On April 16, 2012, the Ministry of Justice announced that it was introducing new legislation that will, if passed, standardize the time limits for filing lawsuits in British Columbia.
In making the announcement the Ministry said:
“Bill 34, the proposed new Limitation Act covers breach of contract, wrongful dismissal, personal injury, defamation and other civil actions. It sets a single, two-year limitation period for most civil claims and reduces the maximum time limit for filing a claim to 15 years from the date the act in question occurred. The proposed reforms balance the rights of both plaintiffs and defendants, yet ensure important aspects of the current law remain unchanged.
These changes are the result of significant consultation with the public, consumer groups and business, legal and local government representatives, and they will make B.C.’s law consistent with reforms in Alberta, Saskatchewan, Ontario and New Brunswick.
Limitation periods can affect the justice system and its efficiency, the cost and availability of insurance products for all British Columbians, and how financial arrangements are structured. They can also determine how long individuals and businesses must keep records that might be required to support a legal action.”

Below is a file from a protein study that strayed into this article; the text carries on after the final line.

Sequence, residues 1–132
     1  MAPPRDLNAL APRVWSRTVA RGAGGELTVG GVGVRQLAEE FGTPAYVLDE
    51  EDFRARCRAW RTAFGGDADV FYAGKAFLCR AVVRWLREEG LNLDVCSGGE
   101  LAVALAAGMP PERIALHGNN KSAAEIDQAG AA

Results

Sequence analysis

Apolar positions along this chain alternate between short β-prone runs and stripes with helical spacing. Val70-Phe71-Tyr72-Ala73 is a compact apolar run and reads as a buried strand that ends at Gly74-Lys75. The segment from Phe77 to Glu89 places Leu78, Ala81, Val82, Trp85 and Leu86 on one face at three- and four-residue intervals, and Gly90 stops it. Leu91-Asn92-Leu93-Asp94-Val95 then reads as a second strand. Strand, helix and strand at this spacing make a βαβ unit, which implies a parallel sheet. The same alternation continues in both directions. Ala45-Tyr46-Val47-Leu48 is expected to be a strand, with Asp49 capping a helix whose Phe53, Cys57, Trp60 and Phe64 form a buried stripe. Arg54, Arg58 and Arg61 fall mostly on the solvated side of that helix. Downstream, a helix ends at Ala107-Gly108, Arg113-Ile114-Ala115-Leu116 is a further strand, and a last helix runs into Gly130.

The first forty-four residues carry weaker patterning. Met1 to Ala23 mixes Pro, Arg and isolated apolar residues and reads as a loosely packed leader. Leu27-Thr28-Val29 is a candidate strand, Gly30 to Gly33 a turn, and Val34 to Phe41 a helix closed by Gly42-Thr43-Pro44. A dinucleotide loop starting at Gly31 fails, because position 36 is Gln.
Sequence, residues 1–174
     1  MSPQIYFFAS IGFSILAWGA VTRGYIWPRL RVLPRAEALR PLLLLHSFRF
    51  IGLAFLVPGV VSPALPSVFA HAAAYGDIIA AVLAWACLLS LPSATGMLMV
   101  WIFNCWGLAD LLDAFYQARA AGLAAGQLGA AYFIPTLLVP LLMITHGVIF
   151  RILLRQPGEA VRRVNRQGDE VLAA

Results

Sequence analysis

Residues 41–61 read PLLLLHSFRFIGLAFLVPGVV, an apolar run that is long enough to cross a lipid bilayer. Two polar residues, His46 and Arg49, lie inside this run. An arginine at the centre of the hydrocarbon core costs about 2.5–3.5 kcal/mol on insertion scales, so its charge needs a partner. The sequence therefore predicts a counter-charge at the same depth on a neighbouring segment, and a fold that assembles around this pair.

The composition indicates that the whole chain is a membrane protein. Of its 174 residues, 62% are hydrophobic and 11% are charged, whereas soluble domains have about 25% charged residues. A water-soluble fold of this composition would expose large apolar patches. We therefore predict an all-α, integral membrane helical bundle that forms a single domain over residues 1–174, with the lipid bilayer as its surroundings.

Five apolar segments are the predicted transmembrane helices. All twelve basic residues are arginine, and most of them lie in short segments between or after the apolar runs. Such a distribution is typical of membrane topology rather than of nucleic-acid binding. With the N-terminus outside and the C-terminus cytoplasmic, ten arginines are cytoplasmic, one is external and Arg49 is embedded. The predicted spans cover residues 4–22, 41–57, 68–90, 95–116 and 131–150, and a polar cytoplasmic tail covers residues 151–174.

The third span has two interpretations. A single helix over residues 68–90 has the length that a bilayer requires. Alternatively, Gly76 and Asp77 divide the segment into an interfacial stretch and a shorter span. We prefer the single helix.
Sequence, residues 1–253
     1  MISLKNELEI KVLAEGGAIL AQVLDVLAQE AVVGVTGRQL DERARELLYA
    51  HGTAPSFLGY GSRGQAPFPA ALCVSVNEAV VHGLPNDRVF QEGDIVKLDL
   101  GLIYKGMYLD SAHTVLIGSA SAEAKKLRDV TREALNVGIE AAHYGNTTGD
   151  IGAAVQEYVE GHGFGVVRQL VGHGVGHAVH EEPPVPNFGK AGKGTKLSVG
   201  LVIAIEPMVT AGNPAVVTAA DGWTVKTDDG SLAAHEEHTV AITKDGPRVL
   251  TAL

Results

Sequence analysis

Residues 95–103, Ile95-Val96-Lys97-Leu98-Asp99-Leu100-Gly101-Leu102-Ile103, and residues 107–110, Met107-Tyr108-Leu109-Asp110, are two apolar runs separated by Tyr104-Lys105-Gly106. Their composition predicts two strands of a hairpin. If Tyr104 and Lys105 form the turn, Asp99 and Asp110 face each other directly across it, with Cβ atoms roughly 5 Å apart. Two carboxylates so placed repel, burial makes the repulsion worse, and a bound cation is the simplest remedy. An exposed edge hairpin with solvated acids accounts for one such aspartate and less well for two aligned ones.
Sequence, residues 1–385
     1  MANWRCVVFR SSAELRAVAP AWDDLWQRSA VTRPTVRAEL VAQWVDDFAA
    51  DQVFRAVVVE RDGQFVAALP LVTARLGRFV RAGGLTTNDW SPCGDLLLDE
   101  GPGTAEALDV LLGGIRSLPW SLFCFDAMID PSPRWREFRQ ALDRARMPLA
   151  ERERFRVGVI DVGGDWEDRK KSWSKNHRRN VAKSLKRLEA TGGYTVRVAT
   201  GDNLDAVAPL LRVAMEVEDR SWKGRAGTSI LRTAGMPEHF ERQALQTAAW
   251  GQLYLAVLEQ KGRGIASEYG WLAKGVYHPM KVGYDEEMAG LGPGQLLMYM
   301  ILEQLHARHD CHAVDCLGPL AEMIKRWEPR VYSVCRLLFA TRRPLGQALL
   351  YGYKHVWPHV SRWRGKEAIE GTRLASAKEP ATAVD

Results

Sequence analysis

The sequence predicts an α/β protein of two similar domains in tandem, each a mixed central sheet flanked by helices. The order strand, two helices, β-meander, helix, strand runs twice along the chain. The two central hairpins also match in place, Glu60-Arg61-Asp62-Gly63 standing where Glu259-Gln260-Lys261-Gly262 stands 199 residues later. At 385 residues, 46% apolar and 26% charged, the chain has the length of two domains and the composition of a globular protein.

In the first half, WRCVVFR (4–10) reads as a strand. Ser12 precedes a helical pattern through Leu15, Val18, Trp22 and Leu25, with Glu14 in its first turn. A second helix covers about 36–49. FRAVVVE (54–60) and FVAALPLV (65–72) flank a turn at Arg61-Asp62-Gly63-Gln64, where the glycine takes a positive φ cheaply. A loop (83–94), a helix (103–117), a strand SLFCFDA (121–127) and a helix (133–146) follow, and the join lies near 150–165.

The new legislative reforms introduced by the Government yesterday were first proposed in a 2010 white paper and based on public consultations.
Bill C-34, if passed, will involve a move away from a variety of basic limitation periods (currently based on the type of cause of action) to a single two-year limitation period for most civil claims, with exceptions for the enforcement of monetary judgments and statutes with specific limitation periods – for example, the Competition Act.
The new legislation would also mean that the maximum time limit for filing a claim would be reduced to 15 years from 30 years. Under the new legislation, the ultimate limitation period would also be suspended until a claim was discovered (if a defendant willfully concealed facts about an injury, loss, damage or that they were responsible for the act or omission or where a defendant willfully misled a plaintiff about whether civil proceedings would provide an appropriate remedy).
For the Ministry of Justice’s news release and Backgrounder see:
For a copy of Bill C-34 see:
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